Reminiscences of the Cuban Revolutionary War by Che Guevara

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3/5 stars.
Paperback, 320 pages.
Read from February 07 to 16, 2015.

I picked up this gem while I was actually in Cuba back in January of this year. It was my first trip to Cuba and I realized how little I knew about this fascinating little country with its big and expansive history. Thankfully there wasn’t a shortage of propaganda where I was staying. If I had more money and space in my suitcase I would have purchased quite a few more books.

Che is a remarkable individual and his dedication to Cuba and to the cause of communism is almost next to nothing. Che comes across as extremely intelligent and very articulate. His memoirs and diaries are published everywhere which probably makes him one of the most exposed politicians around. Don’t get me wrong, the Cuban government is pretty good at giving the leaders of their communist revolution a great reputation, and they have to. The history of Cuba is a rocky one, so the insurgence of this particular revolution was necessary for its time. From the Spanish to the British, and then the US, someone else was always taking advantage of Cuba and its people suffered for it. In 1933, Sergeant Fulgencio Batista threw a coup to overthrow Gerado Machado, a Cuban dictator known for his vicious rule. Sadly, after this coup, little changed under Batista’s rule. It was in 1953 when Fidel Castro made his  first attempt to revolt against Batista’s regime. It would be after this attack that a young Argentinian doctor named Ernesto Guevara would join the cause and assist in Cuba’s revolution and liberation.

“Che” is a form of colloquial Argentinian Spanish slang used in a vocative sense as “friend”. Che is the famous nickname given to Ernesto as a joke and term of endearment based on his heritage from his fellow Cuban comrades.

This book is a personal description of Che’s experiences during this pivotal revolution. Che spares no details with how difficult it was living in the forest for months at time and the sad deaths and sacrifices endured by all, especially the peasants of Cuba, who were initially afraid to assist or join the cause. His recollection is impressive as he remembers many of the names of some of the small time peasants who were essential in helping with the revolution that might have other wise been forgotten. He also details the specifics of those who betrayed the cause. Some he speaks of with remorse or honor and others with absolute distaste and resentment. It was exciting to see how big the small group of rebels became over such a short period of time . In 1959 the rebels send a group of 9000 strong into Havana, forcing Batista to flee, starting the beginning of a new era for Cuba, one that would bring positive change to the country and the lives of its people for the better.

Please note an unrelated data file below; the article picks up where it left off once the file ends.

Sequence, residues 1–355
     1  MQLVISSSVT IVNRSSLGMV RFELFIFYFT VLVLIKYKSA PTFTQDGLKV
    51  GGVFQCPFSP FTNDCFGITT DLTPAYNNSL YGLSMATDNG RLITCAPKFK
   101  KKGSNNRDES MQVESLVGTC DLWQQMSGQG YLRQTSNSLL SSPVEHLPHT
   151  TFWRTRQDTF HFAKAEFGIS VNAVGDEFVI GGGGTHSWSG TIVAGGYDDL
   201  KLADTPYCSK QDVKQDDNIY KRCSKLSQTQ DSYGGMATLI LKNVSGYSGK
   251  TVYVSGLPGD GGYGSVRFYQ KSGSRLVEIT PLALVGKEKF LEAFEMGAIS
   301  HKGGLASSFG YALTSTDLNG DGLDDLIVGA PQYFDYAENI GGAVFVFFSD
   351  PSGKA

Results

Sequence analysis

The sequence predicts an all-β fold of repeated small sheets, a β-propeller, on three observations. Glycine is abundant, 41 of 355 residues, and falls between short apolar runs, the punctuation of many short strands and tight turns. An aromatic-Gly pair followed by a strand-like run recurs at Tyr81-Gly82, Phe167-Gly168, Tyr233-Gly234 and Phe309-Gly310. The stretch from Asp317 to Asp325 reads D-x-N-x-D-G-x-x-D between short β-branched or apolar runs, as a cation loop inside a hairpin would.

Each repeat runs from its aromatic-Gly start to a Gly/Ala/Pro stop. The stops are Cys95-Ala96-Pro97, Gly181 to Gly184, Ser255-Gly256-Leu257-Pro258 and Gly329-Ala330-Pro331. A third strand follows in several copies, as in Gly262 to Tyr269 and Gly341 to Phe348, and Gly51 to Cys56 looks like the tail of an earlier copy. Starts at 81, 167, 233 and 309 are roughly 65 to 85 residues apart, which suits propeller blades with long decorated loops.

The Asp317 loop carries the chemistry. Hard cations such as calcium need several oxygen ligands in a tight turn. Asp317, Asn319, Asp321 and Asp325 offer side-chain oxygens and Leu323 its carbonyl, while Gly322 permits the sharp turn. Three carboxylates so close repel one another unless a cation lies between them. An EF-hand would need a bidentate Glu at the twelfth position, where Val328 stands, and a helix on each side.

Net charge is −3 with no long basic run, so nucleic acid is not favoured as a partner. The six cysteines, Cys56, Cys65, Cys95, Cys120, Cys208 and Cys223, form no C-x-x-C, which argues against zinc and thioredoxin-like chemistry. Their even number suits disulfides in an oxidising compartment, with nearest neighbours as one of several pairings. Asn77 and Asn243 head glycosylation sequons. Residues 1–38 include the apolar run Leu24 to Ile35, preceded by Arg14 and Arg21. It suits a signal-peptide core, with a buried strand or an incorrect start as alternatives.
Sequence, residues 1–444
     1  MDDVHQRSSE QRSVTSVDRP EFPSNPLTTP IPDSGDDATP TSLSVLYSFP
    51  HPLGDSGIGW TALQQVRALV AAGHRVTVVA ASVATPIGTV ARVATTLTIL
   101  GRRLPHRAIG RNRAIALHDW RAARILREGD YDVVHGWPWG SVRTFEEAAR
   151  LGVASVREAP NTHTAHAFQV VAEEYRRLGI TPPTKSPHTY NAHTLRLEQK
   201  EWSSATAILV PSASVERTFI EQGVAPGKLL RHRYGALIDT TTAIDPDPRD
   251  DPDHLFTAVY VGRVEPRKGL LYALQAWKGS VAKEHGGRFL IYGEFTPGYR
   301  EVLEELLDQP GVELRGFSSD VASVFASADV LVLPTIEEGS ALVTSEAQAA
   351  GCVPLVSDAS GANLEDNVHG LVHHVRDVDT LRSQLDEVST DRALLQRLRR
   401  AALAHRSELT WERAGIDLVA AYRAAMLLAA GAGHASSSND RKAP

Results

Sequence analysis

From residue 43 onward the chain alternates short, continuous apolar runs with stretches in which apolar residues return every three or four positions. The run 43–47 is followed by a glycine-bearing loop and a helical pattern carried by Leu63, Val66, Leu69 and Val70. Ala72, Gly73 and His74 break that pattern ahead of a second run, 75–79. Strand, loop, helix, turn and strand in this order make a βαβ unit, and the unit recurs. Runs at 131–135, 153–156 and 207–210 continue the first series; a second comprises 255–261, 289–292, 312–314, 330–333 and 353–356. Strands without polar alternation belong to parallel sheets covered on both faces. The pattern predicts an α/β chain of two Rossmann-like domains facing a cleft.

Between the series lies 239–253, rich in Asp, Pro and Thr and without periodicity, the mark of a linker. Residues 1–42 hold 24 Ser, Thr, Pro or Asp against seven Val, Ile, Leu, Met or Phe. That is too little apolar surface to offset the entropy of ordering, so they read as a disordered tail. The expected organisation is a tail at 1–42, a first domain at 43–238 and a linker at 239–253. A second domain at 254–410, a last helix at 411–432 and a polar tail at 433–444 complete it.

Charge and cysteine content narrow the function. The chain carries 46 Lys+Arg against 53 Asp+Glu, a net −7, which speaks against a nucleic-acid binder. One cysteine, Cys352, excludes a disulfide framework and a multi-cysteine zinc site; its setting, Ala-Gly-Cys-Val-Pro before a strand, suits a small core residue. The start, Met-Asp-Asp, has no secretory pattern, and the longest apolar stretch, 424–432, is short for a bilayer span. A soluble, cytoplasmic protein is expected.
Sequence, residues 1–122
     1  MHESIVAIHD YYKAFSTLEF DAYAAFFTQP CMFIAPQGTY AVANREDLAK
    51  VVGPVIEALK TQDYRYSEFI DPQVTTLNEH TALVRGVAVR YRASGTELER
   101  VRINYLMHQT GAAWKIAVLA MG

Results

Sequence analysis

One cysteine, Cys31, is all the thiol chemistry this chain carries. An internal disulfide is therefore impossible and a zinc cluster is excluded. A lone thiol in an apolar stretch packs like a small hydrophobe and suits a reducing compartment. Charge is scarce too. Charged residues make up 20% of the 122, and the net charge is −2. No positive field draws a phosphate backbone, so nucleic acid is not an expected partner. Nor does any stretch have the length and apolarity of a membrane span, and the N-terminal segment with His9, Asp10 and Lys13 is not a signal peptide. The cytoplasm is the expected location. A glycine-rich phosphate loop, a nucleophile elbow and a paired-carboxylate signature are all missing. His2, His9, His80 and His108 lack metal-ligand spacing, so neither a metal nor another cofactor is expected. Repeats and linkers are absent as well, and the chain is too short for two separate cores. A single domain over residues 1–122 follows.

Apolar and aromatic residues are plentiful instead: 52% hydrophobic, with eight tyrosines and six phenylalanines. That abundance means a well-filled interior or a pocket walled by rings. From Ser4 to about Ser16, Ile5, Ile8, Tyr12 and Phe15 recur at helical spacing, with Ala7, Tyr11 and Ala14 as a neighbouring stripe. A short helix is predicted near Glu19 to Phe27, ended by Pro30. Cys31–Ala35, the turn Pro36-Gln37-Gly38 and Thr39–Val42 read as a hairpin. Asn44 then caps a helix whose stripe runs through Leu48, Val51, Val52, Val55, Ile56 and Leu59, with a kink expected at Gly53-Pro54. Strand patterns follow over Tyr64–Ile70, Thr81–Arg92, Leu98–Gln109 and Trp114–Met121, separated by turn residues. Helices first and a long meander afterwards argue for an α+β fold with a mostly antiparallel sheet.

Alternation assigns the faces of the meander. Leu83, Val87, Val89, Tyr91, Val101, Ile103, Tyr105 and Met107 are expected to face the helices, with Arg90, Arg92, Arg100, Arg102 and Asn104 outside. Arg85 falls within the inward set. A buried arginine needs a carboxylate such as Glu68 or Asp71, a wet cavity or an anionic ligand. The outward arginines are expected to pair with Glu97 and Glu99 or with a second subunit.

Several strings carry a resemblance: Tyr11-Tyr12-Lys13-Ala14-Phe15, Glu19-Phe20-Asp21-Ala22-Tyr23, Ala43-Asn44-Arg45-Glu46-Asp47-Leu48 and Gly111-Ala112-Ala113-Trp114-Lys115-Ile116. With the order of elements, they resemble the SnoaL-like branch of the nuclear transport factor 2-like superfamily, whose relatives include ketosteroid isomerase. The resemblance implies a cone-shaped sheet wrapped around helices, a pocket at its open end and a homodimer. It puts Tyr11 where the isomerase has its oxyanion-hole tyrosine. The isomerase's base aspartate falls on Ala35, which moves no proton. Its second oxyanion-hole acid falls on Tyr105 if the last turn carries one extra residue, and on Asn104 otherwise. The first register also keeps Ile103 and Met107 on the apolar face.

From my own impressions of Cuba, some aspects of communism are no longer serving its people. Don’t read me wrong, I’m not saying that they need to replace their system with American capitalism but there are definitely areas that need improvement. The locals don’t have immediate access to some of the best food or clothes because they are too expensive and some people are still not allowed to leave specific regions of Cuba. Tourists get the best of everything, while they don’t. I was asked twice, discreetly, while I was there if I had any clothes or items that I was willing to part with. It made me pretty sad but if I wasn’t there as a tourist their economy and the people there would have even less. With tensions currently being mended between America and Cuba, as much as I don’t want this quaint country to become Americanized, it will eventually mean improvements for the locals.

Overall, a good description of the events and people that changed Cuba to make it the country that it is today.